Welcome to a beginner’s guide to Japanese business etiquette.
Known for its unique cultural practices, unlocking career success in Japan can be a considerable hurdle for many. Nikkei Asian Review, in particular, found that many foreigners face significant cultural challenges in Japan. They also noted that a large portion of foreigners found it difficult to connect with their Japanese colleagues.
When it comes to business, Australians and Japanese differ in many ways. Take, for example, the Japanese dress code for job seekers. Young Japanese people dress in black and white business suits, whereas in Australia you’re free to colour coordinate your formal wear. The reason being that in Japan similar dress tends to make them appear more as a group, but in Australia, wearing different kinds of formal wear reflects individuality and helps you stand out. Hence, moving to Japan for work can be a daunting experience.
Don’t worry though, Asia Options Japan Team is here for the rescue.
1. Business Cards
For finding career success in Japan, business cards are an essential practice during introductory meetings. Many Japanese have separate business card holders and the whole practice is based on a relationship-building business model. Mayumi Otsubo says that you can exchange cards anywhere in any situation. Be it at the company organised meals, orientation meetings or when commuting to work. The card includes a person’s title, rank and contact details. It introduces you and opens a channel for future networking. When receiving business cards, it is important to show respect. Doing so affirms that you’ll respect them if you engage in business later.
Exchanging while standing
Hand your business card with two hands and receive one in the same fashion. Bowing is important and depends largely on the status of the person as a form of respect. Asialink warns of receiving the card by one hand or shoving it away in your pocket. Imagine how it would make you feel if someone does that with your card? So, screen the card for a few seconds to review their information, and make a comment or two if there’s time to do so.
Exchanging while sitting
Hand your business card with two hands and receive theirs in the same way. Place the received card on the desk, and continue this for the entirety of your interaction. If printed in many languages, face the Japanese side up. If needed, place the senior-most person’s card at the top. Follow that pattern and place their subordinates’ card after or below their boss. This is because Japan follows a strict code of social hierarchies at work.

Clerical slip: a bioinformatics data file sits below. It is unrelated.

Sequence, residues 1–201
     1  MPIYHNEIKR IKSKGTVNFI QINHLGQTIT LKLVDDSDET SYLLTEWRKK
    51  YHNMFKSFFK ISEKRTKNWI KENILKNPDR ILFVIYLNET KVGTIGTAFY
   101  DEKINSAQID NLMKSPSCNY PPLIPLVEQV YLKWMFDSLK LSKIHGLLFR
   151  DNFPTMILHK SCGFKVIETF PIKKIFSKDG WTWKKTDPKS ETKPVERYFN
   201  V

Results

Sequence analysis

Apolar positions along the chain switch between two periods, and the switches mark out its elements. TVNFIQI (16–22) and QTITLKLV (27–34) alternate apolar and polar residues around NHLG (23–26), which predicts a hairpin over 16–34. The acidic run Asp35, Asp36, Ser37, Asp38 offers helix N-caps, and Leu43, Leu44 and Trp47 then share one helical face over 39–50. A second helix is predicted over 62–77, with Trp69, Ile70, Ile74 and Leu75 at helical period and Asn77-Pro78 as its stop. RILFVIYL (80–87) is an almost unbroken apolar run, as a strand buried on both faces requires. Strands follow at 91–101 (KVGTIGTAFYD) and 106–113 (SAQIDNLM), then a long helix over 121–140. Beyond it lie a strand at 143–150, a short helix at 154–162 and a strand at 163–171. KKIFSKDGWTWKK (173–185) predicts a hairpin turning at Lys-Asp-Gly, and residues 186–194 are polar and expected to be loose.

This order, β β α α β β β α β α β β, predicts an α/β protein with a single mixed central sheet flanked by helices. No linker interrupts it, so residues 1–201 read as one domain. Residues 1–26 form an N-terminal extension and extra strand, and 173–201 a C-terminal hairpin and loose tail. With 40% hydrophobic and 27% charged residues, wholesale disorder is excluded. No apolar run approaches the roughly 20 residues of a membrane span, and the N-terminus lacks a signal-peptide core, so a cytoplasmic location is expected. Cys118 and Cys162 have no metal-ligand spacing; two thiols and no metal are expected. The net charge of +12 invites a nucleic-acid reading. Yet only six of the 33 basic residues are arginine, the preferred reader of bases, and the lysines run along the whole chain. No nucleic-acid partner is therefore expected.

2. Bow V.S Handshake
Avoid getting stuck in an awkward situation. It is okay to wait for a Japanese person to greet you. If extended in a form of a handshake, it’s only appropriate to shake their hand. Due to a rise of foreign workers in Japan, many companies are adapting to the western concept of a handshake. So do your homework and know whether you’ll be meeting a senior official or a fellow entry-level professional.
Culture Atlas explains this well. The casual bow requires bending a bit from the waist and a quick nod of acknowledgement. It is especially handy as a form of informal greeting. However, formal interactions need a deeper bow, with a bend from the waist for about 30 degrees. A 45-degree bow shows a respected professional your deepest appreciation. The deepest bow of around 70 degrees expresses the sincerest apology. If offering this bow, make sure your eyes are not met with the receivers.
3. Gift Giving
Giving a gift to a colleague is an appreciated gesture in Japan, especially if you are on a business trip. It displays humility after completing a successful business trip. It also expresses gratitude to the team that handled the workload on your behalf while you were away. If refused, it’s better to be modest enough to get one in the first place.
Mariott says this ‘common’ gesture may not be so ‘common’ to foreigners. It may sound like a stressful obligation to ‘fit in’. It can be hard sometimes to determine the type, selection and timing of a gift depending on the recipient’s status at work. The safest and the easiest way to go about it is to buy souvenirs (omiyage) from the place you visited. It’s unique and you can buy bulk for cheap which means it’s shareable to most. If you’re bringing a gift for your boss – something a bit exclusive is common. At least once in your entire working relationship.
Japan focuses on relationship-building and is a group-oriented society. These detailed etiquettes can go a long way in building support and rapport at work. It could also help you build your intercultural communication skills as a bonus too!